The next twenty-four hours will mark a decade and a half since my former dissertation advisor Joe Trotter wrote today’s title quote in a God-like-pronouncement of an email to me regarding my final content-based revisions to my doctoral thesis. With those revisions following my committee meetings in October, I was now officially Dr. Collins. I knew that. I just didn’t feel it.
Working on a book-length research project with an abusive advisor and disinterested committee members at a school as conservative and isolating as Carnegie Mellon University left me exhausted. For I never felt I could ever be all of myself there. I made myself into the scholar I hoped that I wouldn’t become. At least, the twenty-one version of me that began graduate school back in ’91 held that hope. Five years later, I felt alienated from my own purpose and calling, and was more than unsure about becoming a full-time professor and historian. Especially given the wonderful examples of scholarly inhumanity and hypocrisy that Trotter, Dan Resnick and so many others had proven themselves to be (see “You’re Not Ready” post from November ’08 and “And Now, A Plagiarism Moment” post from September ’10).
I was burned out. I felt numb, with a boiling mantle of rage underneath the surface. If Trotter had said the
wrong thing to me at the wrong time in ’96, I probably would’ve laid him out with a right hook to the jaw. And Resnick’s lucky that I didn’t own a car, because I might’ve run him down with it.
As it was, when Trotter attempted to meet with me a few weeks later to discuss “my future,” I refused. Especially given his suggestions for job applications. One, a one-year position at a University of Nebraska branch campus. The other, a CUNY school in Queens with a proposed position that wouldn’t begin until July ’98. I told him, “You don’t get to determine my future, certainly not without me.”
What should’ve been a period of rest and repair between Thanksgiving Week ’96 and graduation day in May ’97 was hardly that at all. It took me, really and truly, six months to recover from the dissertation process, and probably close to two years to not pass by or go on Carnegie Mellon’s campus without wanting to strangle my dissertation committee with piano wire. By then, I’d moved on to the rather mundane task of figuring out how to cobble together a career that wasn’t dependent on a full-time faculty position in academia.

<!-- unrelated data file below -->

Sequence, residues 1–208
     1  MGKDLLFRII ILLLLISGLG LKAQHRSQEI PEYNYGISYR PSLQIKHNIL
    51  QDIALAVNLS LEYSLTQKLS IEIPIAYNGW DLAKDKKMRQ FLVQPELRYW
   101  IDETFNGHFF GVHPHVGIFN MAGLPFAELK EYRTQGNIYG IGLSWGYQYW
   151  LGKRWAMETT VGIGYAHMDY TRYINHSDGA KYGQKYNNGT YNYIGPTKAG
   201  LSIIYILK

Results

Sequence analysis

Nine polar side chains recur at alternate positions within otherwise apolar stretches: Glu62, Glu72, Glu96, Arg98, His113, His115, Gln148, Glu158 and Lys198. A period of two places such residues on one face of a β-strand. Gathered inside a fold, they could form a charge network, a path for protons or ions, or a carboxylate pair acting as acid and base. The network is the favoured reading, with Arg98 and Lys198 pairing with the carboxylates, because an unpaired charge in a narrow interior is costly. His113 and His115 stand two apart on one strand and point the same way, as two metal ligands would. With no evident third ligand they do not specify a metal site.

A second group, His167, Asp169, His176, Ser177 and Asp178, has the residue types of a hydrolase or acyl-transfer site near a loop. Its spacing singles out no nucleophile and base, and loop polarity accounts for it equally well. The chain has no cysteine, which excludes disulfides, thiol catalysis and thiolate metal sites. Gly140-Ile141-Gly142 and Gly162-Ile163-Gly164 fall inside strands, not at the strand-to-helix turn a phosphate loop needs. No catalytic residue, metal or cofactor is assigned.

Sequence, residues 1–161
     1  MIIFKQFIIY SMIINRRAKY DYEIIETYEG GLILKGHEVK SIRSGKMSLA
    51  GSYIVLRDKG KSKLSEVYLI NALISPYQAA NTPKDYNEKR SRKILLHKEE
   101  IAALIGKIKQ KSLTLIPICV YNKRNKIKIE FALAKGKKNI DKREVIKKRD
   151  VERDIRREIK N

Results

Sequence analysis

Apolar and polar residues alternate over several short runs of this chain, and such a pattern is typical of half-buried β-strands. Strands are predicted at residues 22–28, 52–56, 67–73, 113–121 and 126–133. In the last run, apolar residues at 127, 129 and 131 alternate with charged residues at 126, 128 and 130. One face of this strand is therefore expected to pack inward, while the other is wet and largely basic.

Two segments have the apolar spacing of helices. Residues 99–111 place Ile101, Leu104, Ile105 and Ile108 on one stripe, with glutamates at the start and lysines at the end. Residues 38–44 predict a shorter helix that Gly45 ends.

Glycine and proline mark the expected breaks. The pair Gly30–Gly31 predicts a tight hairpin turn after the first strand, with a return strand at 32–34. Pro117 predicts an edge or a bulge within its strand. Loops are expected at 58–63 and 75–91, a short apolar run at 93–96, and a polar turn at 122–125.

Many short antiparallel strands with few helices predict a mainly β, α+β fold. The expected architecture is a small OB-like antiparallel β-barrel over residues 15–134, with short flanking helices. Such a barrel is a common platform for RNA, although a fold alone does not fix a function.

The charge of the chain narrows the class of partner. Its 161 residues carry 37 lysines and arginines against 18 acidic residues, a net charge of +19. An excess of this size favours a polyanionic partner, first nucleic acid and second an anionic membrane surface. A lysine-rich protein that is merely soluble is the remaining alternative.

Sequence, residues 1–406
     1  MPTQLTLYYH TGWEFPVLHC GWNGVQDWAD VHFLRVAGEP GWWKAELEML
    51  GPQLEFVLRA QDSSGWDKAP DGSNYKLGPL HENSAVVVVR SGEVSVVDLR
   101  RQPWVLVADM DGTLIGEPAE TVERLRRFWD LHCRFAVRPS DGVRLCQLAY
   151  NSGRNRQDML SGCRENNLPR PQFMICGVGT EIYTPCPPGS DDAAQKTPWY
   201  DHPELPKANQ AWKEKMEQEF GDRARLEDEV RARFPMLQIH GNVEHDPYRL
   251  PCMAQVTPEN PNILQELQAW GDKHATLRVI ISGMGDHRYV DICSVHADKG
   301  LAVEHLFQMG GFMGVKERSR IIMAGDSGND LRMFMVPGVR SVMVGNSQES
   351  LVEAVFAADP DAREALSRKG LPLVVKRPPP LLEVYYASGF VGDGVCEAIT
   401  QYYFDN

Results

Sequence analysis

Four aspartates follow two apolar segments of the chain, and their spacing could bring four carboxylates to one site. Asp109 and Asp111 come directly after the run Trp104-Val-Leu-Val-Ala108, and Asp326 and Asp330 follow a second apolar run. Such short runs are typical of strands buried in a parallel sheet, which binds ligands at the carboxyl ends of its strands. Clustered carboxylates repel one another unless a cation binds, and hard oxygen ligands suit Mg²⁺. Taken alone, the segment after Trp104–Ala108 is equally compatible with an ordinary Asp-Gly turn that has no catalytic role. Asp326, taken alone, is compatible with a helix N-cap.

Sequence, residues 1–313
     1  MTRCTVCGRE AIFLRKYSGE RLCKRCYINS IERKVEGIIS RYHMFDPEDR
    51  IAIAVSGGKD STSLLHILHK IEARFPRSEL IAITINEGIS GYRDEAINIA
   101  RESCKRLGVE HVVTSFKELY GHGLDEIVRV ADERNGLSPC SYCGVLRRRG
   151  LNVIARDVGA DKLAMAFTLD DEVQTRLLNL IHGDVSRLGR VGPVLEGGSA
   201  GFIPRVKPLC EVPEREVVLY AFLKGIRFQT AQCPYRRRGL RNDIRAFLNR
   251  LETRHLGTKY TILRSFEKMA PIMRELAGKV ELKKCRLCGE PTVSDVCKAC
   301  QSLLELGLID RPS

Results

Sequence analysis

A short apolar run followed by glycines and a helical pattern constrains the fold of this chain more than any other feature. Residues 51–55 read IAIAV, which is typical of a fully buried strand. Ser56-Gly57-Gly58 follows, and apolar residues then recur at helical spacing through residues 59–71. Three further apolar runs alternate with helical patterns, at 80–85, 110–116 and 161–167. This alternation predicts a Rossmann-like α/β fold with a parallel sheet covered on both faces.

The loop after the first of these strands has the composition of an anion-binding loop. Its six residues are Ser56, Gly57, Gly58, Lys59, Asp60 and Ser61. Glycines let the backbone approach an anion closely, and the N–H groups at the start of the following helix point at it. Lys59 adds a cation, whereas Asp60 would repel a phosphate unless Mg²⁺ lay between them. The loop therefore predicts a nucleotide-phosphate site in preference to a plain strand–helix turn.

And over the past fifteen years, I have pieced together several careers. As a part-time college professor, as a nonprofit program officer and as a consultant. It helped to have people like the late Barbara Lazarus and my dear friend Cath Lugg in my corner in those first years after I’d finished my doctorate. It helped that I expanded my career options from merely pursuing a history professorship wherever Joe Trotter’s winds could’ve taken me.
But it helped, most of all, for me to start trusting my instincts, my own heart, again. The irony of my complete disillusionment at the end of my degree-earning journey was that it left me with the time to contemplate whom I thought I really was, what I really wanted to do in life, and how I wanted to do it.
It was far from an immediate process of epiphanies and revelation. It took me nearly six years after finishing my dissertation to see myself as a writer, cutting through twenty years of denial and abuse in the process. It took me a little longer to see myself as a writer first and foremost, with all of my other professional hats second, third, and so forth. To understand that mine was a concern far greater than multiculturalism in education. My role as a writer and educator was also about aspirations, academic pathways to success, racial and ethnic equity in education, access to and success in college.
Now, that doesn’t mean that I haven’t looked back to wonder what could’ve been. If I were a White male with my credentials, I’d long ago been doing what I’ve been fighting to do as a writer and educator for years. If my advisors had been someone like a Cornel West or Henry Louis Gates. Or if I had attended an Ivy League school in undergrad. Or if I’d earned a master’s degree in journalism or communications, or a doctorate in a school of education or in psychology.
The late Barbara Sizemore once warned me about earning my doctorate in history some two decades ago. “You always have to do things the hard way, don’t you?,” she said to me with disapproval when she learned of my acceptance into Pitt’s history PhD program. I should’ve said, “Yes, I do.” Because the last fifteen years have been a hard road, as all roads to enlightenment are.